Beyond the mechanics considered above, a round of Peloponnesian War consists of beginning-of-round upkeep, an operating round, and end-of-round upkeep.  The former upkeep primarily consists of the opposing side’s bot determining its pending strategy and a historical event trigger amongst other things, and the latter upkeep deals with income, damage from ravaging, rebellion, and even a potential armistice.  However, the core of the gameplay and decision space resides within the intersecting middle operations. It’s here that I decide my actions and strategy for the round.

During an operating round, I rotate turns with the bot. On my turn, I place the objective token on a city of my choosing, selecting my final destination for the turn.  To begin my journey forward, I take my recently drawn general from my capital city space and move him from city to city, paying to recruit hoplites, calvary, and naval ships along the way.  Once I’ve recruited my last unit during this expedition, my army then gains the ability to ravage enemy countryside, leaving their homeland in disrepair, which will reduce their end-of-round income.  At any point during this march if I enter the Line of Communication (LOC) of an enemy unit, a potential skirmish may ensue that could eventually escalate into a battle. Should a battle occur, the expedition will halt short of its objective space.  

Every army must move along the shortest route possible from target location to target location location to recruit units and then eventually to the objective space. This movement restriction makes controlling the bot incredibly simple and fluid. However, I was surprised to see this restriction carry over to my movement initially as well, fearing the strategy would feel too narrow.  After playing a session of Peloponnesian War, I discovered this seemingly “on-rails” restriction was a brilliant design choice that actually creates a fun decision space while simultaneously making the operating phase less fiddly to conduct. Suddenly I realized that choosing my objective space had more weight to it. I couldn’t simply choose any location on the board I wanted to invade. I would need to consider the path there, where I would need to recruit my desired units, the enemy forces I might encounter along the way, and how many spaces I might be able to ravage successfully.


Flying Solo and Concluding Ramblings

So how does this wargame feel as a solitaire experience and who should care?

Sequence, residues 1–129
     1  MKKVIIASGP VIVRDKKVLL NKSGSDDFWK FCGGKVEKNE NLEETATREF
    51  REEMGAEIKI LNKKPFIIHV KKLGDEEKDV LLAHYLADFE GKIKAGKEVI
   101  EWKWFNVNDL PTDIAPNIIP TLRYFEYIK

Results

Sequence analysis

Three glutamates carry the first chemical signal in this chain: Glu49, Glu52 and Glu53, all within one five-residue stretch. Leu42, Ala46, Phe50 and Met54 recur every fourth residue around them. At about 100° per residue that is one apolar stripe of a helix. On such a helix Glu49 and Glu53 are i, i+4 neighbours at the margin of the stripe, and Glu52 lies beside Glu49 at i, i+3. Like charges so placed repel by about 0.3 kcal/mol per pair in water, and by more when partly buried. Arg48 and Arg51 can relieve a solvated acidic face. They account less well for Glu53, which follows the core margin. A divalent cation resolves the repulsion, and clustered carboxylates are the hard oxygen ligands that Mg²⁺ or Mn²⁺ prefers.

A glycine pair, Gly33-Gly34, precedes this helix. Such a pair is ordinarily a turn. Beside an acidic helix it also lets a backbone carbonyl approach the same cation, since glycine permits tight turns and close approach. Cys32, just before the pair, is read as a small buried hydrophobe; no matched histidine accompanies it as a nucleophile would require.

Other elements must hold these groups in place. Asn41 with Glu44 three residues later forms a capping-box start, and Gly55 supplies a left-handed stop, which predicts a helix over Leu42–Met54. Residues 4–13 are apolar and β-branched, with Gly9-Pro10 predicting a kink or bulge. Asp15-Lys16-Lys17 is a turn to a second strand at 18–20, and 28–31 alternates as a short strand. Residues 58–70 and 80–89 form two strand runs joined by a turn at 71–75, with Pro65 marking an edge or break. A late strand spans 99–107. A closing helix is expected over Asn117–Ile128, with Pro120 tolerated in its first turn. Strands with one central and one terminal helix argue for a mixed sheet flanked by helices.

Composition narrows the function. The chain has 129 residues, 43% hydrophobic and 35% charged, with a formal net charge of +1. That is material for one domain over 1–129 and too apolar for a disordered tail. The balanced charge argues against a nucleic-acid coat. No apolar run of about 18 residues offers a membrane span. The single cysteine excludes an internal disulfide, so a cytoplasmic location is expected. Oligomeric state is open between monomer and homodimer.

Peloponnesian War is not for the faint of heart. This game takes effort to learn, especially if you’re unfamiliar with historical wargaming. It requires closely reading a dense rulebook with many sections and subsections filled with situational exposition, and potentially even completing a tutorial playthrough provided within the playbook. Even after the learn, fully expect to reference the rulebook and player aids constantly during your first couple plays. Even by my third session with the game, I was still clinging onto the rulebook for reminders of armistice and other procedural upkeep steps. The dependence of these texts will lessen with more plays, but it is definitely a thing. Thankfully, the rules are clear and this learn was far from the hardest historical wargame I’ve had to comprehend. 

Beyond the rules, the full scenario will take around 3 hours to complete and potentially longer on your first play. This is the sort of solitaire experience you’ll want to leave up on your table for a few days as you play through it. Thankfully, setup is fairly quick, so the burden of getting it to table is not as steep as other wargames or even Mage Knight, another monster solo game with significant setup. It’s also worth noting that a three round scenario (a short game) is included if time and table space is a critical consideration.

Phew, we are successfully past the baggage. If you’re someone who appreciates historical conflicts, are not deterred by the paragraphs above, and are seeking a game designed as a solitaire experience with a two player variant added as a secondary bonus, then this game is for you.  Peloponnesian War immerses you into the militaristic and logistic heart of this ancient war. You will encounter the historical moments of this event and will also have the opportunity to explore the what-ifs that never were. Many see the failed siege of Syracuse by Athens to be a war ending blunder. Now you can follow the history books to see if Athens can succeed at sacking this Sicilian city this time or change war plans entirely to simulate another path to potential victory. The choice is yours.

The solo-focused mechanical design of Peloponnesian War is phenomenal, and it is definitely one of my favorite heavyweight solitaire experiences to date.  To me, a solitaire experience of this magnitude needs to possess narrative. I want to live this conflict via simulation, learn the history, and dominate as the Delian League by sea or the Peloponnesian League by land.  This is exactly the experience I receive when playing this game. I believe Peloponnesian War is a design that knows exactly what it wants to be and achieves precisely that.  It’s a lofty commitment with a steep learning curve that rewards entertainment via exponential returns as you climb your way up.  If you are a history lover, you may end your session with an urgent need to read a book, listen to a podcast, or watch a documentary covering this period in time to learn even more, and surely after such research methods are completed you’ll want to return to the game with a newfound deeper respect of its carefully realized experience.

A copy of this game was provided by the publisher for review.

Final Score:

6 out of 7

This game is great. I will keep it in my collection and I highly recommend it.

Nick NorthcuttComment